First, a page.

Dear brothers and sisters, Good Morning! The parable discourse of Jesus which groups
seven parables in the 13th chapter of Matthew’s Gospel concludes with today’s
three similar stories: the hidden treasure (v 44), the fine pearl (45-46) and
the fishing net (v. 47-48). I will pause on the first two [parables] which
highlight the protagonists’ decision to sell everything in order to obtain what
they found. The first case has to do with a farmer who casually runs into a
hidden treasure in the field he is working. As the field is not his
property, he must purchase it in order
to take possession of the treasure: he therefore decides to risk all his
possessions so as not to lose that truly exceptional opportunity. In the second
case, we find a merchant of precious pearls; as an expert, he has spotted a
pearl of great value. He too decides to wager everything on that pearl, to such
an extent, as to sell all his other ones. These similar [stories] highlight two
characteristics regarding possession of the Kingdom of God: the search and
sacrifice. It is true that the Kingdom of God is offered to all — it is a gift,
it is a present, it is a grace — but it is not available on a silver platter:
it requires dynamism: it is about searching, trying to walk, working hard. The
attitude of searching is the essential condition for finding. The heart must
burn with the desire to reach the precious good, that is, the Kingdom of God
which is made present in the person of Jesus. He is the hidden treasure; he is
the pearl of great value. He is the fundamental discovery who can make a
decisive change in our lives, filling it with meaning. Faced with the unexpected search, both the
farmer and the merchant realize that they are before a unique opportunity which
should not be missed, hence, they sell all they own. The evaluation of the
inestimable value of the treasure brings
to a decision that also implies sacrifice, detachment and surrender.
When the treasure and the pearl are discovered. that is, when we have found the
Lord, it is necessary not to let this discovery become sterile, but rather to
sacrifice every other thing to it. It is not a question of disliking everything
else but to place it subordinately to Jesus, putting him in first place; Grace
in first place. The disciple of Christ is not someone who has deprived himself
of something that is essential; he is someone who has found much more: he has
found the complete joy that only the Lord can give. It is the evangelical joy
of the sick who have healed; of the pardoned sinners, of the thief for whom the
doors of heaven open. The joy of the Gospel fills the heart and
the entire life of those who encounter Jesus. Those who allow themselves to be
saved by Him are freed from sin, sadness, inner emptiness and isolation. With
Jesus Christ, joy is always born and reborn (cf. Apo. Exhort Evangelii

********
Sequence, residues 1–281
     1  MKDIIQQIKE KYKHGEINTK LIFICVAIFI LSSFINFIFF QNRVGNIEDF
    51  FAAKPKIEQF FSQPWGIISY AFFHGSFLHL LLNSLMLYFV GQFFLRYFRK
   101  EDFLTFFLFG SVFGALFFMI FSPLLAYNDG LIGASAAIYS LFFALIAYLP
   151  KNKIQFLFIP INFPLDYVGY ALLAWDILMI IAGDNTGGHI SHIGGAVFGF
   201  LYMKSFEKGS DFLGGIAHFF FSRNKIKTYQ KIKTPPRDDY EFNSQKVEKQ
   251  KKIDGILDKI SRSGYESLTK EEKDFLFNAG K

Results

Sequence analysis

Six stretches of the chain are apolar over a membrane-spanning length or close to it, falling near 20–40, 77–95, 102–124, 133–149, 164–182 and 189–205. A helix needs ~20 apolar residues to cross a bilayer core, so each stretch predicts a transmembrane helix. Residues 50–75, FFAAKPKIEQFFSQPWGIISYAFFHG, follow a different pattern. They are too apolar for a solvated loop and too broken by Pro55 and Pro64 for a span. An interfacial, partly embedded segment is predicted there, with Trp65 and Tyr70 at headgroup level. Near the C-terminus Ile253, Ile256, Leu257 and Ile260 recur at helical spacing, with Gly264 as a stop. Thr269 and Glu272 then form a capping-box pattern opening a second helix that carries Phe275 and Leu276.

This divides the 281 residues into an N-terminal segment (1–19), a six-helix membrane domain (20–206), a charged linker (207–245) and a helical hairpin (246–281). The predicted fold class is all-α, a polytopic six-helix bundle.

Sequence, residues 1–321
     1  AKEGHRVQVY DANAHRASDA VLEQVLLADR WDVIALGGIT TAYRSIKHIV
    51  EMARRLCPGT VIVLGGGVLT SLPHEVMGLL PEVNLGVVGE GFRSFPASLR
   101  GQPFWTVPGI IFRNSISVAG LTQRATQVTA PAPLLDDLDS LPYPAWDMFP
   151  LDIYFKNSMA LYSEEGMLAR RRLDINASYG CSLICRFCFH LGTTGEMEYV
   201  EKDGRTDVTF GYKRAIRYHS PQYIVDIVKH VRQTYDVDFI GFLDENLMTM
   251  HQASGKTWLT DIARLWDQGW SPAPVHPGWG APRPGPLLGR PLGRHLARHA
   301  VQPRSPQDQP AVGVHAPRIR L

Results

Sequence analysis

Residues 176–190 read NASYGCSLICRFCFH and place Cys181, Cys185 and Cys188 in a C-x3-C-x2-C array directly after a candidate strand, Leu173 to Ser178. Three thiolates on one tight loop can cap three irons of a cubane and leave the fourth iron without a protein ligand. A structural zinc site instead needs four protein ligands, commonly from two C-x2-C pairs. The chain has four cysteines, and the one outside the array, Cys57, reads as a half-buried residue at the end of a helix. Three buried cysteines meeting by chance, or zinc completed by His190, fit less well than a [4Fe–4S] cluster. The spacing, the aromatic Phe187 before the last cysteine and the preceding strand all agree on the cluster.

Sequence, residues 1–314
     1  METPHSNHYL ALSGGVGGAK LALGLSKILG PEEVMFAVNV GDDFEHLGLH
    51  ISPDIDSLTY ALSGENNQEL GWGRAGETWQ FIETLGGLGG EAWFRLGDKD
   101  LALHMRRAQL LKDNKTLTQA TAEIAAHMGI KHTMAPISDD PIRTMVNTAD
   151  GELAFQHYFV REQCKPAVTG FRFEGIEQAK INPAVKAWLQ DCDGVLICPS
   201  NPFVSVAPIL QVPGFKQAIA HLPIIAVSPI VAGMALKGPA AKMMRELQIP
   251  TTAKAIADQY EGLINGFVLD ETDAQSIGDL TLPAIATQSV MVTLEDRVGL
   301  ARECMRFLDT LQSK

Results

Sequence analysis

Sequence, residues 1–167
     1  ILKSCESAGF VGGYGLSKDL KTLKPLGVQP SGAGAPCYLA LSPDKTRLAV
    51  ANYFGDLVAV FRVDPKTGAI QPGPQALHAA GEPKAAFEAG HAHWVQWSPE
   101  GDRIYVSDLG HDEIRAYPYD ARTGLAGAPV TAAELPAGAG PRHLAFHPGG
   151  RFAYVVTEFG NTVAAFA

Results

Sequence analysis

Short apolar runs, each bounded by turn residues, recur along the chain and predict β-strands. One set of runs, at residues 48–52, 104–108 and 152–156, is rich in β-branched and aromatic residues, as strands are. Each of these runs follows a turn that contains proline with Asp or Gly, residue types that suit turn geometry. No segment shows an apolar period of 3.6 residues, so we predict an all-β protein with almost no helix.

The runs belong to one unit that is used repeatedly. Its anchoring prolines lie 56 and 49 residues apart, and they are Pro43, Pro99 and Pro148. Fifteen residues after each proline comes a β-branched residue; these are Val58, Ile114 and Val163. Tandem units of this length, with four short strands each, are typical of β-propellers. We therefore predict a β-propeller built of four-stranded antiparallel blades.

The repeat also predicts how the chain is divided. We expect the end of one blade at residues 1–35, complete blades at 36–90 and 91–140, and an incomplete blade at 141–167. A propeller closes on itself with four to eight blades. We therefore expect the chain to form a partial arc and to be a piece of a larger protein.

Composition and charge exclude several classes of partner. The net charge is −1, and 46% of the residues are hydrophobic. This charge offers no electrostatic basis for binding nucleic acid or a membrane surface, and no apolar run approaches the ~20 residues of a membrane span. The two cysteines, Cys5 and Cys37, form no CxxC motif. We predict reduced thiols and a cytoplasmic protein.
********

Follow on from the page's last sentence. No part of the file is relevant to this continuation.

gaudium , 1). Today we are called to
contemplate the joy of the farmer and the merchant in the parables. It is the
joy of each of us when we discover the closeness and the comforting presence of
Jesus in our lives. A presence which transforms the heart and opens us to the
needs and the welcome of our brothers, especially the weaker ones. Let us pray for the intercession of the
Virgin Mary so that each of us can know how to bear witness, in daily words
and gestures to the joy of having found
the treasure of the Kingdom of God, that is, the love that the Father has given
us through Jesus. After the Angelus, Dear brothers and sisters, today is World
Day against the trafficking of persons, promoted by the United Nations. Each
year thousands of men, women and children are innocent victims of work and
sexual exploitation and of organ trafficking and it seems that we have become
so accustomed to this, as to consider it a normal thing. This is ugly, it is
cruel, it is criminal! I wish to call on the commitment of all so that this
perverse plague, a form of modern slavery, may be adequately contrasted. Let us
pray together to the Virgin Mary so that she may support the victims of trafficking. Let us pray together to Our
Lady: Hail Mary…. I now extend a greeting to all the pilgrims
from Italy and from various countries, in particular the Murialdine Sisters of
Saint Joseph, the Novices of Mary Help of Christians, altar servers from
various Italian parishes and the Italian Hockey Club Femenino from
Buenos Aires. I wish you all a Happy Sundayand please do
not forget to pray for me. Have a good Lunch and Arrivederci!…
(Vatican Radio) Ahead of the Sunday Angelus prayer with pilgrims and tourists in St. Peter’s Square, Pope Francis shared a reflection on two of the three parables from the 13 th chapter of the Holy Gospel according to St. Matthew , which were read during Mass on Sunday.
Click below to hear our report
Focusing exclusively on the parables of the hidden treasure and the pearl of great price , the Holy Father said, “This day, we are exhorted to contemplate the joy of the farmer,” who sells all he has in order to purchase the field wherein he had hidden the treasure he discovered, “and of the merchant,” who sells all he had in order to purchase the pearl of great price.